“I don’t know. But I love that thing, that New York thing, man. I love ‘New York, New York.’”
May God help us.
We need to be spiritually alive. We need to be spiritually assisted. “Be filled with the Spirit.” Ephesians 5:18. Colossians 3:16: “Let the word of Christ dwell in you richly.” It’s interesting that it produces the same impact, doesn’t it? “Be filled with the Spirit” and “speak to one another in psalms and hymns and spiritual songs. Let the word of Christ dwell in you richly, and let that then be the overflow of praise in your lives.” It’s a reminder to us, isn’t it, of the place of the Spirit of God and the Word of God working together to the glorifying of the Son of God? All Word and no Spirit, and people dry up. All Spirit and no Word, and people blow up. Both Spirit and Word, and people grow up.
We need to be spiritually assisted. Spiritual worship is impossible, left to ourselves. It’s not something that we can do. It’s a responsive thing. A response to what? External stimuli? No. Ultimately, a response to the magnificence of God’s glory as revealed to us in God’s Word.
See, what our friends and neighbors need to realize is that God is great, you know. So maybe we better start the service with five of our children standing up with their tiny little voices going, “Our God is so big, so strong and so mighty, there’s nothing that he cannot do. Our God is so big…” I love it when those wee kids do that: they got tiny little muscles like mine, and they’re just going, “Big, so strong, and so mighty.”
I was just with Phillip Johnson, who wrote Darwin on Trial and The Wedge of Truth. I asked him, I said, “Tell me how you came to faith in Christ.” Do you know what he told me? Do you know what the door of entry for him was? Friday night meeting at a VBS in his area. His children went to a vacation Bible school, and he went to the service. Tenured professor of law at Berkeley at the age of twenty-seven. One of the brightest intellects—in the legal profession, at least, in our generation. Sits down and listens to all these little children coming across declaring the grandeur and the might of God. Sits and listens to the pastor, and he said afterwards that the pastor never really made much sense at all, that he didn’t have two logical sentences, but that he was struck by the fact, as he sat there, he said, “This man believes this with all his heart, and I need to go and find out why he does.” What did the guy do? Well, he wasn’t brilliant, but he made much of God. And this man, who knew much about himself and knew nothing about God, found it compellingly attractive.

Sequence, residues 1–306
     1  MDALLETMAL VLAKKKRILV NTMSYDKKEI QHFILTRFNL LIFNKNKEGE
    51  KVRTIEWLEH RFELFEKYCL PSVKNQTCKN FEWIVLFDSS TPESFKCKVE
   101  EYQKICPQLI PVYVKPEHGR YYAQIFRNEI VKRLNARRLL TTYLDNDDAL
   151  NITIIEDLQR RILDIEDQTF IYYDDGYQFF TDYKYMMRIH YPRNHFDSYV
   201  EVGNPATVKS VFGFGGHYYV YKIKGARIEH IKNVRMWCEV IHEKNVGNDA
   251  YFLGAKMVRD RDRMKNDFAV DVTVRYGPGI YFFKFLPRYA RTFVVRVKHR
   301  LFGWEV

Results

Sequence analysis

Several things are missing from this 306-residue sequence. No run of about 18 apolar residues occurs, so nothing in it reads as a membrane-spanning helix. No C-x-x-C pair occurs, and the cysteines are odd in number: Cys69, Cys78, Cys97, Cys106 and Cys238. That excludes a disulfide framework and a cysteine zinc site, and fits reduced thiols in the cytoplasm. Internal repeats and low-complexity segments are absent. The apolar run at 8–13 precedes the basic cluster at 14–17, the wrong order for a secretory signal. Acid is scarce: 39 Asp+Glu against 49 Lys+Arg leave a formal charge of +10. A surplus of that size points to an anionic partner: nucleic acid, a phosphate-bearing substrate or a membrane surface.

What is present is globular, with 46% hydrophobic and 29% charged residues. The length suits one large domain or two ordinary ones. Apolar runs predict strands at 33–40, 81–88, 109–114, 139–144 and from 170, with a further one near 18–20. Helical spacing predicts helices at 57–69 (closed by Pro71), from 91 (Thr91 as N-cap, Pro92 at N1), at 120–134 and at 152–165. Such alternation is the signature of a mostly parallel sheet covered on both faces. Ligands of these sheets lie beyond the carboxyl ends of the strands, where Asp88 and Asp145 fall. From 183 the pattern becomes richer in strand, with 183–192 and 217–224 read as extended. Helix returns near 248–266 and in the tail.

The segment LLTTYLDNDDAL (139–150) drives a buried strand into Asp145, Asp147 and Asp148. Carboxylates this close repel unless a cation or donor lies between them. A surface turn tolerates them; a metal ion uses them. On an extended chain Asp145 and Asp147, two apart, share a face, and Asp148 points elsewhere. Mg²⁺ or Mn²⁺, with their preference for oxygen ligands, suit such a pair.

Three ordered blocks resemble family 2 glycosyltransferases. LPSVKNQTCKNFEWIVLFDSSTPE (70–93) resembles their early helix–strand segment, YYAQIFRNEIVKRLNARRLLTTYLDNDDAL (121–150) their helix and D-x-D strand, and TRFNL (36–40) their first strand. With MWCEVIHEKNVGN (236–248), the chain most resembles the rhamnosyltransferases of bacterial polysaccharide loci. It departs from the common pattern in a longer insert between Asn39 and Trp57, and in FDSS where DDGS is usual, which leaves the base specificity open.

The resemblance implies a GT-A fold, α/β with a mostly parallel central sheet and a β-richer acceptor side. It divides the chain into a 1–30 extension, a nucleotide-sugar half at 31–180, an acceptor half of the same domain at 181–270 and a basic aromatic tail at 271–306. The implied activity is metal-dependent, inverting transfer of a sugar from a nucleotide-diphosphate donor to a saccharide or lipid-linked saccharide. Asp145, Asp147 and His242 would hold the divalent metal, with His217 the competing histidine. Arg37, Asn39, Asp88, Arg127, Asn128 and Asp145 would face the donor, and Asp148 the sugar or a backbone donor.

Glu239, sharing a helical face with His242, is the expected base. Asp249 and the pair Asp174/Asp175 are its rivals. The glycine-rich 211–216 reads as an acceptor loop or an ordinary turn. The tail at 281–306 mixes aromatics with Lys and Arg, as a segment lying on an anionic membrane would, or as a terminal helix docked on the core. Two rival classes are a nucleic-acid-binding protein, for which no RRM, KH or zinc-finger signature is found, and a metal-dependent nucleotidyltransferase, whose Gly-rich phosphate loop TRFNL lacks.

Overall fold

You see, but our approach would have been to say, “Now, we’ve got Phillip Johnson in this morning. He’s a great intellectual. We’re gonna need to find somebody with a phenomenal intellect to preach the Bible, because after all, we don’t really believe the Bible is inherently powerful. We believe that, you know, our intellects are necessary in order to get it, you know, to pour it out in the right way.” God says, “Shut up with that,” and puts a succession of tiny little nose-picking children on the front of the platform and reaches into the soul of a Saul of Tarsus. To show what? To show how great and awesome he is. And to make the point that if, then, we are going to worship, it’s because we’re alive, and it’s because we’re assisted.